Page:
5. The question that arises for determination relates to the power of the Commissioner under Section 263(1) of the Act. This in its turn depends on the interpretation of the section and particularly of the words of the section 'erroneous in so far as it is prejudicial to the interests of the revenue'. The Tribunal has referred to a number of decisions but as we understand the gist of the order of the Tribunal, the view of the Tribunal is based on the observations of the Bombay High Court in Shanti-lal Rawji v. M.C. Nair, IV Income-tax Officer, E-Ward, Bombay, at page 443. These are the observations :
'Now, let us first of all consider what the position would have been if this proviso was in force on the 10th March, 1953. In fact it came into force on the 24th May, 1953, but for the purpose of testing the argument advanced before us by Mr. Palkhivala we must first consider what the effect of this proviso being in force at the date the assessment order was made would be. If this proviso was in force, it is clear that the Income-tax Officer had the discretion to reduce or waive the interest payable by the assessee. Therefore, looking at the record and looking at the assessment order, it could not be said that the Income-tax Officer had failed to discharge his statutory obligation. A discretion having been vested in the Income-tax Officer by the proviso, it was open to the Income-tax Officer not to impose the penalty, and there is nothing on the record to show that the failure to impose the penalty was due to a failure to discharge his obligation under Section 18A(6) and not to the exercise of the discretion under the proviso. If a particular position is arrived at which can be explained by one or other action being taken by the Income-tax Officer, it is impossible to contend that for the purpose of Section 35 we must assume that that position was arrived at by the Income-tax Officer having taken one particular action and that that action was contrary to law. Rather the assumption should be that the Income-tax Officer acted in accordancewith law rather than contrary to law. The assumption should also be that the Income-tax Officer knew the law and not that he was ignorant of the law. Therefore, if the proviso was in force and the Income-tax Officer did not impose a penalty, the court would rather lean in favour of the view that the Income-tax Officer had exercised his discretion under the proviso rather than the view that he had overlooked the law. Therefore, it would be impossible to suggest that the absence of any mention in the assessment order with regard to the levying of penal interest must necessarily be ascribed to an error of law on the part of the Income-tax Officer. In our opinion, therefore, there does not seem to be much difficulty in holding that if the proviso was in force, the power of rectification could not have been exercised under Section 35 because there was no error apparent on the face of the record.'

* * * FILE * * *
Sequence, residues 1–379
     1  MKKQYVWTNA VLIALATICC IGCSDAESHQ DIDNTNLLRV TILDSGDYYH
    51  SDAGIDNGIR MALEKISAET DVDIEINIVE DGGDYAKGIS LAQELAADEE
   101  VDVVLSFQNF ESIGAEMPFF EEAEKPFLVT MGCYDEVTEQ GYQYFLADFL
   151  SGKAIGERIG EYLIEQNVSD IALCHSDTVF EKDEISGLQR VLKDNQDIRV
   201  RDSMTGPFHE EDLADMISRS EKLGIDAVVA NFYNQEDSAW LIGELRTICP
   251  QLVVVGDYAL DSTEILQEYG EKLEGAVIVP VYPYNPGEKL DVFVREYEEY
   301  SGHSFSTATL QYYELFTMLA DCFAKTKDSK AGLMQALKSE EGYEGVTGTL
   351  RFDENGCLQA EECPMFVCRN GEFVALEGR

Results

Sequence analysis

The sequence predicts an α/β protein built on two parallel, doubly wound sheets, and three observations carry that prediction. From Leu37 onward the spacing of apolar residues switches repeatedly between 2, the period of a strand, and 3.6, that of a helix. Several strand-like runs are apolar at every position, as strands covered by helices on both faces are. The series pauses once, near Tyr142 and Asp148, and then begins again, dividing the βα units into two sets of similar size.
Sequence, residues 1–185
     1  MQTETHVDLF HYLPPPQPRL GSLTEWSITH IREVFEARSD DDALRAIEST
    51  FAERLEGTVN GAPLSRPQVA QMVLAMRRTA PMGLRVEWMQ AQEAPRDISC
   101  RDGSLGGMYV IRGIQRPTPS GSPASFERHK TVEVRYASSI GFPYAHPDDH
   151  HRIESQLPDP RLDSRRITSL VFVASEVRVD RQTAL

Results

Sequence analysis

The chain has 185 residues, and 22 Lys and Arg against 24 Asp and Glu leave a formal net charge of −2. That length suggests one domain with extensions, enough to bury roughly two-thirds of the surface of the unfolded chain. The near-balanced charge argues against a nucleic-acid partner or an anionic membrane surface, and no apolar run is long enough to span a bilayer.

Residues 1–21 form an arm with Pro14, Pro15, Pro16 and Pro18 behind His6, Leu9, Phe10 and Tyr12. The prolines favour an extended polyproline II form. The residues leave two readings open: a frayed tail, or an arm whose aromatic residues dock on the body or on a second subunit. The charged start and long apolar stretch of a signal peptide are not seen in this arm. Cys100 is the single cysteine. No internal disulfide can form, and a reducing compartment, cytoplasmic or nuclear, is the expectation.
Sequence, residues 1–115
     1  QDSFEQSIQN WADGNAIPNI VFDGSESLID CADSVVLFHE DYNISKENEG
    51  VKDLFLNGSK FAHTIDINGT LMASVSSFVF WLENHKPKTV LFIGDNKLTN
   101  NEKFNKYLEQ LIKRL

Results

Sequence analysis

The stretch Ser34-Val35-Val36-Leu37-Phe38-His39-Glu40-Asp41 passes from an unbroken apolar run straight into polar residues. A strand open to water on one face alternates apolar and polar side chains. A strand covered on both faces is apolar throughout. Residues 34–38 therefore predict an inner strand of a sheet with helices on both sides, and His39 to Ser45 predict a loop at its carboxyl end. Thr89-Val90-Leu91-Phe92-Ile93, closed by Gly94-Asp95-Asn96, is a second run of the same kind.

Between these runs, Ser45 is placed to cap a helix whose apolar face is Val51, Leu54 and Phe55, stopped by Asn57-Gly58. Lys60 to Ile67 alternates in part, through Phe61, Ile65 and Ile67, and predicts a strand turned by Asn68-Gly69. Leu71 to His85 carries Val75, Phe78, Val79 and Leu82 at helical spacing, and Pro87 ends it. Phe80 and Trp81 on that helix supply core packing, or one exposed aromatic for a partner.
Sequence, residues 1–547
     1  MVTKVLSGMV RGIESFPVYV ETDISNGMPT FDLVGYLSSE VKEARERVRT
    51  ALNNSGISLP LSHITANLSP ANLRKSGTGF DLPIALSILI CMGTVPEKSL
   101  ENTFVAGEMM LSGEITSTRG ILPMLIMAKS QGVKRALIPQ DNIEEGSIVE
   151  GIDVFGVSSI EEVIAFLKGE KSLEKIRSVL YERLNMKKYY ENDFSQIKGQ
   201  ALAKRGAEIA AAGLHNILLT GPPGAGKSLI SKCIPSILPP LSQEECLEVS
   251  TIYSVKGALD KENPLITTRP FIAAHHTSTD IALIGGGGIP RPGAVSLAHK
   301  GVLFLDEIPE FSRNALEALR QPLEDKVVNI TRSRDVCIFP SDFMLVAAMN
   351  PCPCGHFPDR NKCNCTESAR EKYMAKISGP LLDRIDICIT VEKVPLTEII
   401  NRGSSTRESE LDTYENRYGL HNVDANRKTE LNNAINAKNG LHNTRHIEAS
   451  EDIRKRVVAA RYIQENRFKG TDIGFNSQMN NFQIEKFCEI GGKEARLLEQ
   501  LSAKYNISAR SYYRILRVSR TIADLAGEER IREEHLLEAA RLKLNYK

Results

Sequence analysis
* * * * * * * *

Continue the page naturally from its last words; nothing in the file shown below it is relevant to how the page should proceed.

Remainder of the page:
6. As is seen from paragrph 4 of the judgment of the Supreme Court in S. A. L. Narayan Row v. Ishwarlal Bhagwandas, it is this decision that had been relied on by the Bombay High Court in the subsequent decision the appeal from which was disposed of by the Supreme Court in the decision reported in  57 I.T.R. 149. The question therein was whether the Income-tax Officer acting under Section 35 of the Indian Income-tax Act, 1922, had the power to rectify an alleged mistake in the order of assessment passed by the income-tax Officer in that he omitted to charge interest under Section 18A(6) of that Act. At the time when the Income-tax Officer passed the order, Section 18A stood unqualified casting an obligation on the part of the Income-tax Officer to charge interest. Later the section was amended and a proviso was added vesting a discretion in the Income-tax Officer similar to the discretion now vested under Rule 40 of the rules framed under Section 215(4) of the Act. This proviso was given retrospective operation. It was held that in view of the retrospective operation given to the proviso it must be assumed that the proviso was in the statute book when the order was passed. In those circumstances, it was held by the High Court that the rectification order was not justified. The revision taken before the Commissioner against the order had been dismissed on the ground that the proviso was not in force at the time when the order was passed by the Income-tax Officer. The Supreme Court emphasised this aspect and held that this was an error, a clear and patent error, which the Commissioner had committed and, therefore, the High Court was justified in setting aside the order of the Commissioner confirming the order of the Income-tax Officer rectifying the supposed order in proceedings under Article 226 of the Constitution. This is all that has been decided by the Supreme Court. But, as we said, the Bombay decision in Shantilal Rawji v. M.C. Nair, IV Income-tax Officer, E-Ward, Bombay, and thepassage which we have read therefrom had been relied en for the purpose of the contention that by the orders of the Income-tax Officer in these cases, annexures 'A', 'A-1' and 'A-2', he must be taken to have clearly exercised the discretion in favour of the assessee and that that is the proper inference to be drawn, even if two views are possible. If that is the proper inference to be drawn, it has been assumed by the Tribunal that the Commissioner had no jurisdiction under Section 263 of the Act to set aside those orders.